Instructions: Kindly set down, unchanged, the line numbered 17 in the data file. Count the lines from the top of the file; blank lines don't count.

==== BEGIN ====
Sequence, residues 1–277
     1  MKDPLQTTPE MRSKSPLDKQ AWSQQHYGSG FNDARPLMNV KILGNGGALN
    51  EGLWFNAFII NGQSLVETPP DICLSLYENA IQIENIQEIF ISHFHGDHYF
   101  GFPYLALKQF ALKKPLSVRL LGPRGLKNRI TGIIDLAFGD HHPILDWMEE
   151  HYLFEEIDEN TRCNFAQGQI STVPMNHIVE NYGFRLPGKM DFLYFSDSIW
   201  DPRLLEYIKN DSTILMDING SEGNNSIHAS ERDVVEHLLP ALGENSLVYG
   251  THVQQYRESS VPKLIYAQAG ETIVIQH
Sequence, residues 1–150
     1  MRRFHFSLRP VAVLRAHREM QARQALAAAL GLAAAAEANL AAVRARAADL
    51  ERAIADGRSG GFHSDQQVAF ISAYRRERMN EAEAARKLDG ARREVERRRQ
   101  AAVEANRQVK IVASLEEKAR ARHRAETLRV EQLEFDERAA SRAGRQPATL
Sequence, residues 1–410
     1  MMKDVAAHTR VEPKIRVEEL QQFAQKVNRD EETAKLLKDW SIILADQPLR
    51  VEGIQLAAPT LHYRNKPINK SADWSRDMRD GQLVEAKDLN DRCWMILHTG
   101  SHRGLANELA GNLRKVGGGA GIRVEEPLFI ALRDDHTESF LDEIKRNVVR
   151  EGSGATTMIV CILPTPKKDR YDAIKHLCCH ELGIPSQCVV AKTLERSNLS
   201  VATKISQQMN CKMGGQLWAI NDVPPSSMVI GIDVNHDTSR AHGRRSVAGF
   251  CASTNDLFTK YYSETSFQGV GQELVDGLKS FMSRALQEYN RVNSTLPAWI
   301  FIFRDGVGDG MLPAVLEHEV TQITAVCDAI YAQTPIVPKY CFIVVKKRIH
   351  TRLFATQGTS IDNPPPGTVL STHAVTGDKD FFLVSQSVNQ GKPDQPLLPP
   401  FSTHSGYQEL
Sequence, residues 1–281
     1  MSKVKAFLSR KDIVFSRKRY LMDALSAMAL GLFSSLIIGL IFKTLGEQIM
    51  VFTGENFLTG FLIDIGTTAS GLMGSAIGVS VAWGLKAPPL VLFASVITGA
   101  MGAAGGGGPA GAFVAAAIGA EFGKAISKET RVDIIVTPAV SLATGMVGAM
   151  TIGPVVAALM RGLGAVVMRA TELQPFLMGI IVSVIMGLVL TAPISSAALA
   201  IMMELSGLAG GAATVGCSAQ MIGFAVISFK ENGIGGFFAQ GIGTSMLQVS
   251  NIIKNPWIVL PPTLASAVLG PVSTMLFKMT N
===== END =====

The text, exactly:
   201  VATKISQQMN CKMGGQLWAI NDVPPSSMVI GIDVNHDTSR AHGRRSVAGF